J: Write what’s honest to you, then good things will come. If you’re trying to conform to a sound or image that you think industry people or the public want, you’ll be chasing your tail. Also the best advice I ever got: You don’t ask, you don’t get.
A: Patience with yourself. Persistence. Resiliency. Speak up. If you never ask, the answer is always a no.
M: Write A LOT of songs. I mean A LOT. Write 100 and then pick 10 you like and then make the 10 better. Then write 50 more and choose 5 and do the same thing. Practice letting go of ideas and not getting too hung up on any one of them until the feeling strikes that it’s worth chasing. You have to learn how to trust your intuition and your taste. Those are the elements that cannot be taught and if you can harness that trust within yourself, you’ll inherently know when an idea is right. To start, you have to write a ton of ideas to practice that trust. Once you trust yourself, you have to write a lot to get to the core of what you’re trying to achieve in a song. Also remember there’s no perfect song and the best thing you can do is a write more songs.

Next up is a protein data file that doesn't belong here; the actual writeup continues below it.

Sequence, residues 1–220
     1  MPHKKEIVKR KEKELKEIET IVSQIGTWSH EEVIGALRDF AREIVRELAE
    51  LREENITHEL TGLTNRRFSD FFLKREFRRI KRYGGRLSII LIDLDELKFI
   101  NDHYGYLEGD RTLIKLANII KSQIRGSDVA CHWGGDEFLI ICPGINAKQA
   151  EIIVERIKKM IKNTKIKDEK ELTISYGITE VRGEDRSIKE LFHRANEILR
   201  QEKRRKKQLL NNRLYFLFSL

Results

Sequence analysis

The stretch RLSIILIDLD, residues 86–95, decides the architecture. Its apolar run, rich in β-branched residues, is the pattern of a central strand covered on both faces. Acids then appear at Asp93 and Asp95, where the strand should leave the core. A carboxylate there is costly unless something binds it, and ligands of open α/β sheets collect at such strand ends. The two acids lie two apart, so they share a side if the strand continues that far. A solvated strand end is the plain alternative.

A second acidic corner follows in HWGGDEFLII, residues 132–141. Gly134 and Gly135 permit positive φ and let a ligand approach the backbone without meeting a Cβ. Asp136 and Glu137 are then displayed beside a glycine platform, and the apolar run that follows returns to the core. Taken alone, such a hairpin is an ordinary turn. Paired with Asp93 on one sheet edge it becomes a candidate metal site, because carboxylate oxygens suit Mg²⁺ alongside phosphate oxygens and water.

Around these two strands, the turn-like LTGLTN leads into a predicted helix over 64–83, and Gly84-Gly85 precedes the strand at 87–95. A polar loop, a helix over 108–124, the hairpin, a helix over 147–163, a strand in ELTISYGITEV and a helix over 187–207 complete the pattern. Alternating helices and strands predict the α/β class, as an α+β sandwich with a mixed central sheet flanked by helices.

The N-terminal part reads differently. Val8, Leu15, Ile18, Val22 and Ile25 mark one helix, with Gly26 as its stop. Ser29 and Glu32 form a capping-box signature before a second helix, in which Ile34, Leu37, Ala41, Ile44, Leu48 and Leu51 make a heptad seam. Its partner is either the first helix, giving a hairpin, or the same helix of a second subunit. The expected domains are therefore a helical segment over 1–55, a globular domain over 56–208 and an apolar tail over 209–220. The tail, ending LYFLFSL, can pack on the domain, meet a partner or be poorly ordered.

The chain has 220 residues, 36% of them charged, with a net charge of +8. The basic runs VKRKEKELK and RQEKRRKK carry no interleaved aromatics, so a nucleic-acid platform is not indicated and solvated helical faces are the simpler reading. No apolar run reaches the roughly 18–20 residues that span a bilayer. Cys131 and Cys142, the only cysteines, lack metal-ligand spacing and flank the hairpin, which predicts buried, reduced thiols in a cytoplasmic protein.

5. What are your favorite albums of all time?
J: I have so many favorite albums because I listen to so many genres. Even though it’s way before my time, The Cure’s Disintegration is the album I credit for changing my life, so I’m going to go with that!
A: Any Paramore album!!
M: This is a TOUGH question haha. If I HAD to choose, which in this case it seems like I do, I would say Disintegration by The Cure. They’re my favorite band of all time and that record has always spoken to me.
Want to keep up with Sleeplust? Follow them here: Facebook, Instagram, Website
Catch them live at Harvard & Stone, Los Angeles on March 19th!